(Montreal) A group of citizens deplores the government authorization obtained Monday by Northvolt, which will allow the battery manufacturer to start construction work on the future factory in McMasterville and Saint-Basile-le-Grand.
“The Citizen Action Committee mobilized against the Northvolt project” finds it “very worrying” that the Ministry of the Environment authorized, on Monday, the start of construction work which will cause the destruction of “13 hectares of wetlands”.
These citizens denounce “the lack of transparency from the government and have been demanding, for weeks, an investigation by the Office of Public Hearings on the Environment (BAPE) into the entire Northvolt industrial megaproject.”
“Public meetings had been planned with the citizens of McMasterville and Saint-Basile-le-Grand, but these were canceled at the last minute. We expected much better from our political leaders,” the statement read.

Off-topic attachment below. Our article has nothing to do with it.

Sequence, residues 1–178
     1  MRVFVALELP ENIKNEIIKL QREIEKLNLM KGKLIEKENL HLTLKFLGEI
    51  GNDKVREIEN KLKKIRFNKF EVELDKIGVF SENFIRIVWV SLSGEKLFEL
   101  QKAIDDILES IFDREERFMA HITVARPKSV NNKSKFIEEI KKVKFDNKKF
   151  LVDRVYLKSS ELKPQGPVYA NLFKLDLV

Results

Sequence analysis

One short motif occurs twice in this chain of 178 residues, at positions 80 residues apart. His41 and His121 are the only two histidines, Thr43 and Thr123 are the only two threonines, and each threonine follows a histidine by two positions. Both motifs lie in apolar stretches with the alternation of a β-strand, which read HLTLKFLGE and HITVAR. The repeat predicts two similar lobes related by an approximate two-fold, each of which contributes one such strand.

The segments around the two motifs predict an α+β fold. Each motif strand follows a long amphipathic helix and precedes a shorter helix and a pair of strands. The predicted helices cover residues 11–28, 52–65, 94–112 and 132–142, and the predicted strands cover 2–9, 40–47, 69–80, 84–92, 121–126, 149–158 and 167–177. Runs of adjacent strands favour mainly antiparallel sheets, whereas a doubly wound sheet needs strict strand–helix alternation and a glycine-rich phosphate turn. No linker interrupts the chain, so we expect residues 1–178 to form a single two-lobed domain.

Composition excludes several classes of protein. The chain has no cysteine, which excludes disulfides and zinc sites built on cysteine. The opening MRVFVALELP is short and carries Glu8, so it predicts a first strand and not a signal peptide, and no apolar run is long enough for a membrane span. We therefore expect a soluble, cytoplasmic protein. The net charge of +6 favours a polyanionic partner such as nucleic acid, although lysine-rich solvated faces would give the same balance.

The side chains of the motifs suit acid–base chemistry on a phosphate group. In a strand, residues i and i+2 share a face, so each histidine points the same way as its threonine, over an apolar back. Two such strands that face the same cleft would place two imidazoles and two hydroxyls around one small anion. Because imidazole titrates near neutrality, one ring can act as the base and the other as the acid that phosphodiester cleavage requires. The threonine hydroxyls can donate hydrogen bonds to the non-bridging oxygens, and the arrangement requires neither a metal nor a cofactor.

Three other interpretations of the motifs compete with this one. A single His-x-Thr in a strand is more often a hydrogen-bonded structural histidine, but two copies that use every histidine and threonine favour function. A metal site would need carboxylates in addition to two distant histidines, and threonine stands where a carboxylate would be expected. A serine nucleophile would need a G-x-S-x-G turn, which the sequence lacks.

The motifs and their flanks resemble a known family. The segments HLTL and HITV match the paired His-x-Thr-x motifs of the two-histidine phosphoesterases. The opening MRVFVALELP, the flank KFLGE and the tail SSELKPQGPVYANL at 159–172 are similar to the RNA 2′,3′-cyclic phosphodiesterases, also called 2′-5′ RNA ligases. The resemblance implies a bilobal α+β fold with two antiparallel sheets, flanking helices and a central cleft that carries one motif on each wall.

“Ensuring that the Northvolt project is not subject to the BAPE process, by modifying the criteria behind closed doors, is outrageous,” wrote the Citizen Action Committee mobilized against the Northvolt project.
The Ministry of the Environment, the Fight against Climate Change, Wildlife and Parks (MELCCFP) judges that “the project does not involve significant encroachment in the environments considered more sensitive on the site, namely: all rivers and their banks; all flood zones; wetlands which constitute a potential breeding habitat for certain species such as the least bittern”.
In a press release published Monday, the Ministry indicates that “in order to mitigate the impact on wildlife habitats, the company is committed to creating, restoring or conserving natural environments over an area to be determined, which will be equal ecological value”.
Northvolt’s future lithium battery factory will receive $7.3 billion in provincial and federal aid.
A regulation was modified last February by Quebec allowing the Northvolt project to escape BAPE examination, according to information first relayed by Radio-Canada.
Its production capacity would be 56,000 metric tons, while the Regulation relating to the evaluation and examination of the environmental impacts of certain projects was modified so as to avoid a BAPE evaluation for battery factories that produce 60,000 metric tons or less.